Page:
• Learn more about the Voodoo worship of pythons and how these snakes are revered by the local community at the Python temple in Ouidah
  • Take to the waters of Ganvie, Africa’s largest floating village, with the local fishing community of Lake Nokwe
  • Explore Abomey’s ancient palaces and learn about this former kingdom's history
  • Meet Taneka traditional healers in the foothills of the Atacora Mountains
  • Meet the stunning Otamari people with their beautifully sculpted and painted, fortress like homes called ‘tatas’
  • Visit a remote fishing community on the freshwater lakes that span the border of Benin and Nigeria
  • Watch spectacular Batonu horse warriors flamboyantly ride their beautifully decorated horses in dances and races
  • Visit the Dankoli Fetish, the most holy shrine of Voodoo religion


  • Day 1: Evening tour start with dinner and overnight stay on the coast at Cotonou.
  • Day 2: Drive out to Grand Popo to visit private ceremonies of Shango and Gambada in the lead-up to the annual Voodoo festival. Overnight in Grand Popo.
  • Day 3: Full day at the annual Voodoo festival. Sunset private ceremony of Zangbeto. Overnight in Grand Popo.
  • Day 4: Explore the history of slavery in Ouidah. Visit the python temple. Drive to the dock for Ganvie, and take canoes to the lake city. Overnight Ganvie
  • Day 5: Depart Ganvie after breakfast. Lunch in Porto Novo after visiting the old mosque. Drive out to Holi villages. Overnight in Cové.
  • Day 6: Travel in canoes out to a remote fishing village for the morning. Afternoon at the ceremony of Guèlèdè. Overnight Cové
  • Day 7: Drive north to Parakou and enjoy a lunch in the city before visiting the Batonu horsemen in the afternoon. Overnight in Parakou.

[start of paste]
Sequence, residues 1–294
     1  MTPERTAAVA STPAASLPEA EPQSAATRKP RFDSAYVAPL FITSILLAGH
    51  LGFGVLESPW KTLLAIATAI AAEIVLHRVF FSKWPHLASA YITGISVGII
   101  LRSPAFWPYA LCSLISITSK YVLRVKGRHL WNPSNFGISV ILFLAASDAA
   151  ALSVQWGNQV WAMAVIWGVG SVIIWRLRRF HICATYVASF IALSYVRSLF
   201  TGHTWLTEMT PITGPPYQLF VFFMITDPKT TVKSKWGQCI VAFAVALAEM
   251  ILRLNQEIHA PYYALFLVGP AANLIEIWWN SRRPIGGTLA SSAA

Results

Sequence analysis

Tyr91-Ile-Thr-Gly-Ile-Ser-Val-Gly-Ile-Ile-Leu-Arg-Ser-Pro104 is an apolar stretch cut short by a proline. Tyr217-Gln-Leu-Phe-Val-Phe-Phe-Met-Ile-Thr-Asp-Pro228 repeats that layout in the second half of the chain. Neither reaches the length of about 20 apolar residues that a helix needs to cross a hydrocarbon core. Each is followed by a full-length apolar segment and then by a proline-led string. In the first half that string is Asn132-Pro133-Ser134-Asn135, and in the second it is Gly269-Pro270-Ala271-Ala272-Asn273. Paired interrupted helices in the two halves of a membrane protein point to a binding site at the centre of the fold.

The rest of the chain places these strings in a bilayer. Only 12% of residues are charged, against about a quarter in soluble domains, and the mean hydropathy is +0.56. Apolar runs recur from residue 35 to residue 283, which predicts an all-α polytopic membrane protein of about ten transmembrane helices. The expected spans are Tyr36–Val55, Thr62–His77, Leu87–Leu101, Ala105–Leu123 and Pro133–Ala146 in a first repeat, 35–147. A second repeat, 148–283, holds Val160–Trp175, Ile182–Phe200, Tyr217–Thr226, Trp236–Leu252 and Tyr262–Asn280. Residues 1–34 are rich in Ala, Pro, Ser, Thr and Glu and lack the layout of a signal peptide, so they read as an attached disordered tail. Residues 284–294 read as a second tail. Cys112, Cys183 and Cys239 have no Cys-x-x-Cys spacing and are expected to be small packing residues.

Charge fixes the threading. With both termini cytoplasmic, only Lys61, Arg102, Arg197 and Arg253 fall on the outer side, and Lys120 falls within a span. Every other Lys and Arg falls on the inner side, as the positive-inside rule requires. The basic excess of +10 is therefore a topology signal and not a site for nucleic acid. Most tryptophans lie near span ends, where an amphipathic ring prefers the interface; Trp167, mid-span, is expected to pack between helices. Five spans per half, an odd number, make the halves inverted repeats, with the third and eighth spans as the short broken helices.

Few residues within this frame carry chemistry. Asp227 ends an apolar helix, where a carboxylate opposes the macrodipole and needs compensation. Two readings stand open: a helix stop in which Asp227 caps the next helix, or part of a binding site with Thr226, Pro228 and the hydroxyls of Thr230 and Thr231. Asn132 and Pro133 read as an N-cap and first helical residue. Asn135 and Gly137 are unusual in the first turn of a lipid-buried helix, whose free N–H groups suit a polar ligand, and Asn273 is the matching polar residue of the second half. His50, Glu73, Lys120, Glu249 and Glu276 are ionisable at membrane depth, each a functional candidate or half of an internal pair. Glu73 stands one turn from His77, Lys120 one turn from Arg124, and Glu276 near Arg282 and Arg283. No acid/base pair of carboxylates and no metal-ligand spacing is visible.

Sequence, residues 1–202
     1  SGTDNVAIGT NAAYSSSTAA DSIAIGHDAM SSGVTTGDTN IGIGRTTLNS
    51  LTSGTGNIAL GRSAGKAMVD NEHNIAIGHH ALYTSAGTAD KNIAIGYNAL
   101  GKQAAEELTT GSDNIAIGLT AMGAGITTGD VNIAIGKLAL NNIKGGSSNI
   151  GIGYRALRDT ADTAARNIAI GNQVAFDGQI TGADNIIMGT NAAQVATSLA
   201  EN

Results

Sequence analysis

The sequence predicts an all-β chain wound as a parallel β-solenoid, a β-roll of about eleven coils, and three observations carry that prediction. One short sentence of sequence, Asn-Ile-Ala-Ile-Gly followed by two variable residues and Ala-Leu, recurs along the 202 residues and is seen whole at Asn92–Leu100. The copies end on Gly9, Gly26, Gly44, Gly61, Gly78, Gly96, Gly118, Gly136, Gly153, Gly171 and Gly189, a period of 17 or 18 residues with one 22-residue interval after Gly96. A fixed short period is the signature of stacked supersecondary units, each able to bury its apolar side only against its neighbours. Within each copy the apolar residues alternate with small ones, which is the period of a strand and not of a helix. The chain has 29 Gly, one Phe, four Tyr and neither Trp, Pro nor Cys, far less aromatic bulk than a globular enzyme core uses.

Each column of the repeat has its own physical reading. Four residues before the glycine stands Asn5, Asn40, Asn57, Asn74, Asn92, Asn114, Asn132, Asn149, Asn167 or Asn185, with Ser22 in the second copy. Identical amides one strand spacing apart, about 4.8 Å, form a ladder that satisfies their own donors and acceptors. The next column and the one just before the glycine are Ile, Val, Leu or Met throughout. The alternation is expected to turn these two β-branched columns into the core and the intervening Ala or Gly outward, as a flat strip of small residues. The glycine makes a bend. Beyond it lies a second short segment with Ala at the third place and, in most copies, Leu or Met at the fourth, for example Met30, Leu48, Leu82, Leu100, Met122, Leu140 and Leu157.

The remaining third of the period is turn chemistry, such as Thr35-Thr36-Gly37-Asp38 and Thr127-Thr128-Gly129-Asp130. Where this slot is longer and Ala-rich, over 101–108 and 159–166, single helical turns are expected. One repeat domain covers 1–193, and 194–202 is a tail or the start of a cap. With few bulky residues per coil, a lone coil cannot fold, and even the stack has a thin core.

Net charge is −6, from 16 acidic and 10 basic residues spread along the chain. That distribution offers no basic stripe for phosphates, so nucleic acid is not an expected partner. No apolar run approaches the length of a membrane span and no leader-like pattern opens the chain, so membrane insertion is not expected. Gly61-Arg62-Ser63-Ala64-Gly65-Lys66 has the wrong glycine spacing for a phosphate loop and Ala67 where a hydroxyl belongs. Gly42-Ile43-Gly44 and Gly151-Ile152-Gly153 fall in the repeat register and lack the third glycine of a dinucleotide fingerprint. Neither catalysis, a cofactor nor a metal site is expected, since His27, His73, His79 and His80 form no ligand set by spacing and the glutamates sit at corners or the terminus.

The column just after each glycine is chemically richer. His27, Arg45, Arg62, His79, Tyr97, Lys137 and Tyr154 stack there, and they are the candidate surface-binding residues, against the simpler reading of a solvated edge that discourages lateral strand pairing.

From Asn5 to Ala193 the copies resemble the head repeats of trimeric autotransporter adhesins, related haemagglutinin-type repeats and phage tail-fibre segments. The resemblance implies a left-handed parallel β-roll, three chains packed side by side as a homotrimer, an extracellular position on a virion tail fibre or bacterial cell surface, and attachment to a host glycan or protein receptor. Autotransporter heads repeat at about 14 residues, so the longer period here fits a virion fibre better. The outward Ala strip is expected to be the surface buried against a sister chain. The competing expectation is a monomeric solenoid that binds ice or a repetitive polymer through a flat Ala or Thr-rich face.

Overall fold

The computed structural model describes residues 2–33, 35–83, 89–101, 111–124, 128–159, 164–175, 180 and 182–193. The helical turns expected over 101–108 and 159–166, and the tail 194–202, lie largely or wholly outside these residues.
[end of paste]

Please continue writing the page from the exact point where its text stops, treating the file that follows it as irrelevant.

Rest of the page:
• Day 8: Drive north to Naititingou visiting Taneka people on the way. Overnight in Naititingou.
  • Day 9: Full day of visiting Fulani and Otamari people between ceremonies and photography of traditional Tatas. Overnight in Naititingou.
  • Day 10: A final shoot with the Fulani people before driving south to visit the Dankoli Fetish. Overnight in Dassa.
  • Day 11: Visit to the Royal Palaces of Abomey. Afternoon ceremony of Sakpata. Overnight in Abomey.
  • Day 12: Morning visit to the modern art gallery of Abomey. Afternoon ceremony of Egungun. Overnight in Abomey.
  • Day 13: Drive to a remote village for a ceremony of Vodunsi. Afternoon ceremony of Koku. Overnight in Lokossa
  • Day 14: Final ceremony of Twins before returning to Cotonou where a half day stay is arranged for those guests taking a late flight at the end of the tour.

To see a larger map, click on the square-like ‘enlarge’ icon in the upper right of the map box.

To see (or hide) the ‘map legend’, click on the icon with an arrow in the upper left of the map box.

To change to a satellite view, which is great for seeing the physical terrain (and for seeing really fine details by repetitive use of the + button), click on the square ‘map view’ icon in the lower left corner of the ‘map legend’.


Wild Images Inclusions: Our tour prices include surface transportation, accommodations, meals and entrance fees.

Our tour prices also include all tips for local guides, drivers and accommodation/restaurant staff. We also include payments to local people who are willing to be photographed. Also included are some special photography session arrangement fees.

Deposit: 20% of the total tour price. Our office will let you know what deposit amount is due, in order to confirm your booking, following receipt of your online booking form.

TO BOOK THIS TOUR: Click here (you will need the tour dates)


2025: provisional £6030, $7790, €7080, AUD11760. Cotonou/Cotonou.
2026: provisional £6190, $7990, €7270, AUD12060. Cotonou/Cotonou.
2027: provisional £6340, $8190, €7450, AUD12360. Cotonou/Cotonou.

Single Supplement: 2025: £380, $500, €450, AUD750.
Single Supplement: 2026: £390, $510, €460, AUD770.
Single Supplement: 2027: £400, $520, €470, AUD780.

If you are travelling alone, the single supplement will not apply if you are willing to share a room and there is a room-mate of the same sex available.

This tour is priced in Euros. Amounts shown in other currencies are indicative.

Air Travel To & From The Tour: Our in-house IATA ticket agency will be pleased to arrange your air travel on request, or you may arrange this yourself if you prefer.